LOL… oh so true.

        @Lew. Of course we will still have to play ‘the power game’ for the immediate future. But it’s a bit like working your way along a clagged-in Tararua ridgeline; while your attention is mostly on the worrisome drop-off and your next handful of steps… every now and then you have get out the map and GPS to check you haven’t veered off onto some dead-end spur.

        • Robert Winter 4.1.1.1

          GPS? Eeeeh, luxury. In my day, we just fell off, broke both legs, climbed back up and fell off again.

          • RedLogix 4.1.1.1.1

            To be honest it was foisted on me by my daughter in a rare act of filial devotion, and while initially sceptical, I confess to becoming very fond of it very fast.

            (I have to add that said daughter expressed more concern about the safe return of her ‘baby’ than aged parent.)

        • Lew 4.1.1.2

          RL, the trouble with this metaphor is that, as I read the OP, you’re not so much concerned about keeping to the true ridgeline as you are pissed off and disappointed that you’re in the Tararuas and not on Pandora.

          Perhaps, if that’s not what you mean, you could elaborate on what you see as the way forward. Then, at least, I can mock something concrete : )

          L

          • RedLogix 4.1.1.2.1

            Well of course Pandora is wonderfully mockable; as are all stories. But stories are nontheless the repositories of our myths, fables, hopes and mysteries. Are you sure you want me to abstain, just in case you feel the urge to take the piss?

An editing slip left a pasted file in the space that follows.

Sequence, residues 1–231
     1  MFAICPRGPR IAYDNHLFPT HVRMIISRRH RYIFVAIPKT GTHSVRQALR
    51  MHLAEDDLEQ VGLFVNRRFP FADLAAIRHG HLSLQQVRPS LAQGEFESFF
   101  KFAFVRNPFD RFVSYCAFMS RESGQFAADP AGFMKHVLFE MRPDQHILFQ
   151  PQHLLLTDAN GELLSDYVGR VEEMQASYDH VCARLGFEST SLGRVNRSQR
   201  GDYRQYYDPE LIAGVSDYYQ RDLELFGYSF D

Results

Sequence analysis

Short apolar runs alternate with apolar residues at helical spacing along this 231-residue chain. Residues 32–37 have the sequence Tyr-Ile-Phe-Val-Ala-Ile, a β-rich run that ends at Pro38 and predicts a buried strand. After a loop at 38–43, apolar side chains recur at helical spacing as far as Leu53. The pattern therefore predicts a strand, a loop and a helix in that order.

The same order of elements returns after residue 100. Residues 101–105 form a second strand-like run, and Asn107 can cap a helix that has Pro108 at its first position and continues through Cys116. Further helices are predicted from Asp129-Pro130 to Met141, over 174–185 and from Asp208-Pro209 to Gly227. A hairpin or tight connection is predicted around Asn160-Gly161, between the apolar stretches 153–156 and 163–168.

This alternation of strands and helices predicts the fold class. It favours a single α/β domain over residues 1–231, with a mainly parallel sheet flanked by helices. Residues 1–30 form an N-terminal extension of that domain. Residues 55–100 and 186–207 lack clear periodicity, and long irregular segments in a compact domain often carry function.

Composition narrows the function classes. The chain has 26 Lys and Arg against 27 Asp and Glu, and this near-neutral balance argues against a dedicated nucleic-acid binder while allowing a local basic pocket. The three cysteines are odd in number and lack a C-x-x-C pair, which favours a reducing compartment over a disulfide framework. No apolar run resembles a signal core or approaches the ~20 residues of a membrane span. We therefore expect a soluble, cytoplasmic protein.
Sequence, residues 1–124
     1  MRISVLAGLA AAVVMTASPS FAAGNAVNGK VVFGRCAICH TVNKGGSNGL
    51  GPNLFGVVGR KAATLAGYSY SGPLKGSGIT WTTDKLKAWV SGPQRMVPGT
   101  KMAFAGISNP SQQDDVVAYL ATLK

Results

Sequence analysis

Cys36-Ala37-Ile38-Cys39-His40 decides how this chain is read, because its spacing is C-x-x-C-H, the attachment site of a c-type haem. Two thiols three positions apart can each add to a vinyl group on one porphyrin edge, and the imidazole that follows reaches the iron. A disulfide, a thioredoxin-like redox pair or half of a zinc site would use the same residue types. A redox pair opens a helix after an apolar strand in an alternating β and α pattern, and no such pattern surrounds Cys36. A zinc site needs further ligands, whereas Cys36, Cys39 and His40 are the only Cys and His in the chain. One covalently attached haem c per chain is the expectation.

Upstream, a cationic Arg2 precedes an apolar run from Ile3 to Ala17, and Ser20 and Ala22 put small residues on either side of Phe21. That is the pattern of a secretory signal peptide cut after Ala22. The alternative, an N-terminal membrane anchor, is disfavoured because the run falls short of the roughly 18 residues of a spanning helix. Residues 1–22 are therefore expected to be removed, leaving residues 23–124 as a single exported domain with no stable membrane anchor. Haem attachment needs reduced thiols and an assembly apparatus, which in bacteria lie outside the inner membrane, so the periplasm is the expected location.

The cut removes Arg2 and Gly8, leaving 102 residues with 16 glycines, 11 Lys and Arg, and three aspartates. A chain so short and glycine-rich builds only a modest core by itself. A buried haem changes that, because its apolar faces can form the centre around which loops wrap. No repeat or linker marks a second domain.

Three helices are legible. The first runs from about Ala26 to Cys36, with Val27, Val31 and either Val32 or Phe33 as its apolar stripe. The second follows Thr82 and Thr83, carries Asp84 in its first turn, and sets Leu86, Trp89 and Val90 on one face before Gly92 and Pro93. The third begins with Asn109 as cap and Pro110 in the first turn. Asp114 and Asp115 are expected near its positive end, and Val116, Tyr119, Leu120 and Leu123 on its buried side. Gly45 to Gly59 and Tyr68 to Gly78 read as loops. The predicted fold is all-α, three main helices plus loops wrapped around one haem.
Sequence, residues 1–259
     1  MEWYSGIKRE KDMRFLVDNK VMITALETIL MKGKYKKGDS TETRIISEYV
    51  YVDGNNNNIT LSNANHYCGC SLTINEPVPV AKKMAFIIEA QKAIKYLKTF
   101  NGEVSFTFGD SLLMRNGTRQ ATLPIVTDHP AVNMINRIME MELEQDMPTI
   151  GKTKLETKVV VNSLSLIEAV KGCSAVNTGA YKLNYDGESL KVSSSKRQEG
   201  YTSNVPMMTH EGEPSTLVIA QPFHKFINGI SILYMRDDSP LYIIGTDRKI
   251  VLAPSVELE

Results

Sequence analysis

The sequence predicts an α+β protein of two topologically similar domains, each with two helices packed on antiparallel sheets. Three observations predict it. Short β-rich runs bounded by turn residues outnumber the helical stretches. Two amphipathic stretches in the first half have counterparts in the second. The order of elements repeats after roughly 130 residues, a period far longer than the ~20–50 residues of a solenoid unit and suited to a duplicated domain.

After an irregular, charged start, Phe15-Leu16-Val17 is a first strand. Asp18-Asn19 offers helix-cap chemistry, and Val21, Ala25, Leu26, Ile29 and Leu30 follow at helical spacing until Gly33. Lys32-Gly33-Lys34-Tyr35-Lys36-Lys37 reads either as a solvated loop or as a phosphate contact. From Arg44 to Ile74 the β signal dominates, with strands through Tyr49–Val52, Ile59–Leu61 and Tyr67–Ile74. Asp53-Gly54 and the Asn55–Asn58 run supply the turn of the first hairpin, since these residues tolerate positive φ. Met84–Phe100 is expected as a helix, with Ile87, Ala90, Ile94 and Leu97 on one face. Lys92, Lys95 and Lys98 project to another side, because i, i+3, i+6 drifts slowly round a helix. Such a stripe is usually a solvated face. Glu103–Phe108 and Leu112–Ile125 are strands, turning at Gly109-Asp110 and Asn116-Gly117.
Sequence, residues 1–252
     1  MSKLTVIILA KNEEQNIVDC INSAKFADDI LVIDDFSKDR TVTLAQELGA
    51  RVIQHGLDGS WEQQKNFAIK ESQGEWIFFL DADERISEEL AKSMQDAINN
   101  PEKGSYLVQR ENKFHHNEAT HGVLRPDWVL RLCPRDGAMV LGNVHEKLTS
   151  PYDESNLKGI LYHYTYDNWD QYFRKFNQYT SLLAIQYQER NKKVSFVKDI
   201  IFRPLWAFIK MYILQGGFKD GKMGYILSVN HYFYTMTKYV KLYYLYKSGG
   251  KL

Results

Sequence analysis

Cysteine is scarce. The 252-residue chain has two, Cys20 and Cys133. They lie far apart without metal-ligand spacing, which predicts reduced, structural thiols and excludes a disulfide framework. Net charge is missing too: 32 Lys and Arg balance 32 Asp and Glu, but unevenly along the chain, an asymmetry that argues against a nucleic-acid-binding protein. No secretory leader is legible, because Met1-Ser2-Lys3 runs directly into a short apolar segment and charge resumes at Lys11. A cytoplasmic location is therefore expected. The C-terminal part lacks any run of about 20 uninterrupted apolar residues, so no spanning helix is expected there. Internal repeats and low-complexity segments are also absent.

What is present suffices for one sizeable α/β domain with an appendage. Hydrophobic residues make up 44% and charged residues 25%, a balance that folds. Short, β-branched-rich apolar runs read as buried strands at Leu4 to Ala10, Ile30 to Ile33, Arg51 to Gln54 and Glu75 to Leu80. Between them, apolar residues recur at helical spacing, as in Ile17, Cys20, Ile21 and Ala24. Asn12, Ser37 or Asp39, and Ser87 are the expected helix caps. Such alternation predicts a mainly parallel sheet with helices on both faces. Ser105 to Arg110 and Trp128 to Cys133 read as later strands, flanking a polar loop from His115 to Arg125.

Any society based wholly on a culture of giving, on theeros alone, would likely burn itself out. Our logical minds can think of any number of rational objections. But looking about us it seems evident to me at least, that an economy reduced wholly to markets is equally flawed.

            • Lew 4.1.1.2.1.1

              The point I’m trying to make, RL, is that I see little but nostalgic fantasia in what you’re arguing. A prime example is ‘looking about us’ and finding ‘nothing but markets’ when, as any genuine market fundamentalist will tell you, there are almost no purely free markets anywhere, and markets such as they are don’t control anywhere near as much as they should. Maybe there are more markets than you’d like, but that wasn’t the premise, and that’s the problem: the premises are illusory.

              There’s no sense that, for all its flaws, the actual world and its systems and realities are the only ones we have, and we need to work within them, rather than hoping for a world which doesn’t exist and never has, in spite of rose-tinted history, religious doggerel and naïve allusions to primitive times when all was peaceful and just.

              Myths and stories are important, but only if you understand that they’re myths and stories.

              L

              • RedLogix